The atmosphere starts when you arrive at the ferry terminal. Perhaps you’re hot and bothered, having negotiated your way through the centre of Liverpool along with the rest of the world, or maybe you’ve arrived at Heysham Port, all smug with how easy the last bit of the journey is along the new bypass. Perhaps you’ve only travelled a few miles. Or maybe it’s been an expedition just to get here.
And suddenly the world is a sea of bikes, all loaded to the gunnels and beyond, and you’re lined up three abreast in the car lanes alongside a few battered vans covered in stickers. You get separated from your mate, as you’ve managed to get everything into your rucksack, but he’s got the widest panniers in the world so has been sent into a different queue.
If you’re one of the lucky ones to get on board first, you do a quick dash to grab a table in the bar, or if you’re on the overnight, nab somewhere to stretch out on the floor without being tripped over every 5 minutes. Otherwise you hang around outside waiting to board, judging people’s packing abilities, and checking that all your bits are still where they should be. This is it. Your first time to the Isle of Man for the TT. Will it be everything that everyone says it is?
A three and a bit hour sailing, and it’s time to disembark. Back on the car deck you do your best impression of a Krypton Factor contestant – limboing under chest-high ropes in full bike gear, squeezing between panniers and exhausts, trying not to catch your rucksack on mirrors, and then trying to figure out where on earth the end of the rope is and how the hell to untie it.
And then your row starts to move. A bit of concentration as you negotiate the humps and bumps and slippery bits on the car deck, and then you’re on the ramp. Out into the fresh air. You’ve made it. You have officially arrived on the Isle of Man, ready to take in the greatest road racing in the world.
But where do you start? There’s so much to do and see…
Ask anyone who’s been before, and they will have their own recommendations, their own favourites and must-dos. I’m going to be one of those people – I’ve been going to the Isle of Man TT and Manx Grand Prix for over 15 years, I also marshal the races, and I lived on the Island for a couple of years in my 20’s. So even though no one has asked, I’ll give you some thoughts on how to plan your trip to get the best out of it, and give you a taste of the TT fortnight. But be warned. The Isle of Man TT is addictive. You’ll be planning your next trip even before you’ve left.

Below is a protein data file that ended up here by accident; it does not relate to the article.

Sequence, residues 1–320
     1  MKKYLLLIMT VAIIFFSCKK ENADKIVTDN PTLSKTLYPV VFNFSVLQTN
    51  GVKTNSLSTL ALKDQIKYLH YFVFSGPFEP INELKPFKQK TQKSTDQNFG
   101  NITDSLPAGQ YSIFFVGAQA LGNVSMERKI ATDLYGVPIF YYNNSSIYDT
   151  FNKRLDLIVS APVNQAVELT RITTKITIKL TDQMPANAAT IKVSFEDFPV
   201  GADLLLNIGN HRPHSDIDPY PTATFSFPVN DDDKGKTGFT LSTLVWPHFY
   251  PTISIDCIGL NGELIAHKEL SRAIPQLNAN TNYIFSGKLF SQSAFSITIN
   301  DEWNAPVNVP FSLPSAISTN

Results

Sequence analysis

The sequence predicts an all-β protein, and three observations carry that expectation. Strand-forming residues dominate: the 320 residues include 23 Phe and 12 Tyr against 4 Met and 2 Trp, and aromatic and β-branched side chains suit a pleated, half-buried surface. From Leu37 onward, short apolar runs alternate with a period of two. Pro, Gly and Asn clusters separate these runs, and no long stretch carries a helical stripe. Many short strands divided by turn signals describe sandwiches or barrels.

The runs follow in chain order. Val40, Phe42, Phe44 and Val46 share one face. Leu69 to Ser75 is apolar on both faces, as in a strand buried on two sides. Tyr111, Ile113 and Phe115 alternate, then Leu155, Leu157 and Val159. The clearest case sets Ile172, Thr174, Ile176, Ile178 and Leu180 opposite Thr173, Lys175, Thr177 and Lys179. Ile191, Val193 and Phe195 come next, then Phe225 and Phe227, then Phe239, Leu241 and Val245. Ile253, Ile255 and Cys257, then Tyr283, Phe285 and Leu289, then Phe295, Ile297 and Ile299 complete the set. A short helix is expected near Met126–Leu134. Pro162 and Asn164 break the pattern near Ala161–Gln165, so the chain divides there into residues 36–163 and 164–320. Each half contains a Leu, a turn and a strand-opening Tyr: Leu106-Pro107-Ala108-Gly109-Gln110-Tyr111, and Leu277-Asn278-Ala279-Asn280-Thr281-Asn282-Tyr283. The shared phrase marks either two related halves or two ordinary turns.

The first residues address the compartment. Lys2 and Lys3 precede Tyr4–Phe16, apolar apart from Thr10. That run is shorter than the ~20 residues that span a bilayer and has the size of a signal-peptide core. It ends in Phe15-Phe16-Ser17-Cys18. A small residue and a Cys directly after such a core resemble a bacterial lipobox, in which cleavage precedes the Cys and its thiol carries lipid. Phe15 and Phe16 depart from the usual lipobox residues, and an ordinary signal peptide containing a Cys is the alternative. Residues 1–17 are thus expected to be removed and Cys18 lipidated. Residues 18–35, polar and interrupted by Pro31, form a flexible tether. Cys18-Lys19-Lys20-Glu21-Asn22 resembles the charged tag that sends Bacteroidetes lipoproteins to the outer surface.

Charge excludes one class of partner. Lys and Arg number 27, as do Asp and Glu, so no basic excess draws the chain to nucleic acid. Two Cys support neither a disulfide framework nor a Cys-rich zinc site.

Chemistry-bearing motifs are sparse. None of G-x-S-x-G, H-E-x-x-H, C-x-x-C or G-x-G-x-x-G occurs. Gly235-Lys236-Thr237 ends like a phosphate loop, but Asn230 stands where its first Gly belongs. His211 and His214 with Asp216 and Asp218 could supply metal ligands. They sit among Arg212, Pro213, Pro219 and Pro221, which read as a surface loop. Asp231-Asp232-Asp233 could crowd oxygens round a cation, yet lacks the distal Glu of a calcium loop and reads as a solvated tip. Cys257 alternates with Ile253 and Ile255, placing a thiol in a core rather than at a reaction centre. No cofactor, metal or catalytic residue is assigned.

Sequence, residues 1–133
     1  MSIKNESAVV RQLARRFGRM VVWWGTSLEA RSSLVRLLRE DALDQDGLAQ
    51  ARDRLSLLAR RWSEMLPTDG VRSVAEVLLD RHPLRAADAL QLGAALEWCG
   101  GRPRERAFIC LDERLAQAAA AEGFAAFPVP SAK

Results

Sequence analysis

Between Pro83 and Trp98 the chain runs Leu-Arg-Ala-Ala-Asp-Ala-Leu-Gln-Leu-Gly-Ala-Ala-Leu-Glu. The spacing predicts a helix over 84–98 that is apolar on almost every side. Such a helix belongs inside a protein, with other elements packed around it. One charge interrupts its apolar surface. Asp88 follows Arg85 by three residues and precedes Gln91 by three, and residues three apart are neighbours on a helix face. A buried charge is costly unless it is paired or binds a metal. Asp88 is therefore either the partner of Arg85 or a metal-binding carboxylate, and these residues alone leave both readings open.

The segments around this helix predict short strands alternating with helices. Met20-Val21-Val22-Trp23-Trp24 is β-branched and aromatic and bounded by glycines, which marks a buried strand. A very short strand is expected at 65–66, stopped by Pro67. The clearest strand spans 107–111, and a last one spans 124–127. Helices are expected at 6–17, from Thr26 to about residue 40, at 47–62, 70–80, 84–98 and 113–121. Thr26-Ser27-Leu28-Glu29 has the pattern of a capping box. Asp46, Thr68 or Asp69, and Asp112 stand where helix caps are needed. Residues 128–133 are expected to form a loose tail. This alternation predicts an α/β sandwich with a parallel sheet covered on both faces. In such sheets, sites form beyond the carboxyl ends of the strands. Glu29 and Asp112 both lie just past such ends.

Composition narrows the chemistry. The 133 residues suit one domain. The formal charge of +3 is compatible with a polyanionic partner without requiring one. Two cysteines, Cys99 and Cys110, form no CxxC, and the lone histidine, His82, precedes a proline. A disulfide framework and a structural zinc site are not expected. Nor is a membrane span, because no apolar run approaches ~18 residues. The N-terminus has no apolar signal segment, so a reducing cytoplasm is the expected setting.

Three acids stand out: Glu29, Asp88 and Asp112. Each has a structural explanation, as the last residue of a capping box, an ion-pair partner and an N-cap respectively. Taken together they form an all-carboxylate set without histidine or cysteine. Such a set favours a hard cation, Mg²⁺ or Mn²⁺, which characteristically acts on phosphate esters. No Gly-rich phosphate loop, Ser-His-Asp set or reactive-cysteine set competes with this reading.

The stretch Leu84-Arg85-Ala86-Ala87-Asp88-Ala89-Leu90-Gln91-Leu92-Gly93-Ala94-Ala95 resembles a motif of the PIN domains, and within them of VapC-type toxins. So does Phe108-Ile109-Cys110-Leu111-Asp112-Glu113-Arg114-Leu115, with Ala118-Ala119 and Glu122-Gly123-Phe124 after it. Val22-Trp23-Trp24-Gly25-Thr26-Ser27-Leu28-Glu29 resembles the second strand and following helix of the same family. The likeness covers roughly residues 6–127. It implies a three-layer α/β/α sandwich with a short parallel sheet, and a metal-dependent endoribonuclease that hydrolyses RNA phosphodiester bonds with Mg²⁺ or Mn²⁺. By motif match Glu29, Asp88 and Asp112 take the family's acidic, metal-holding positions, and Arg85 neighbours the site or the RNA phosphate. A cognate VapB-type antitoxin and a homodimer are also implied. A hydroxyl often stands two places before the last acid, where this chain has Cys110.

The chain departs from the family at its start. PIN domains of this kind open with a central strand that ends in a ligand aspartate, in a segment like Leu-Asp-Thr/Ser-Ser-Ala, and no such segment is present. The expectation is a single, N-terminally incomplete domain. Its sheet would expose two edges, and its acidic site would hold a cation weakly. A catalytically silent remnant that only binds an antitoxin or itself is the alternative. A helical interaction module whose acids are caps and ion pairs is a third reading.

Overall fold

Two pieces of advice:
Don’t have an itinerary. Make a list, but keep it flexible. Remember everything is governed by the weather. Hopefully it’ll be cracking the flags and you’ll be stocking up on suncream. But you might well end up sulking in your tent, wondering if you can be bothered to go to the pub. So have some rainy day plans as well.
Talk to people. Particularly if you’re on a campsite, you’ll be surrounded be people who will have been before. Get chatting and find out where they suggest – maybe they’ve got a spectacular spectating spot, or have discovered a cracking chippy.
I’ve done quite a lot of spectating over the years, I really enjoy going off somewhere and spending the day with my earpiece radio and race guide. I like to have a couple of beers while I’m watching, so my spectating revolves around public transport. But it is still possible to get away from the crowds without too much walking. And the public transport on the Island is superb – clean, on time, not too rammed, and the buses have free wifi.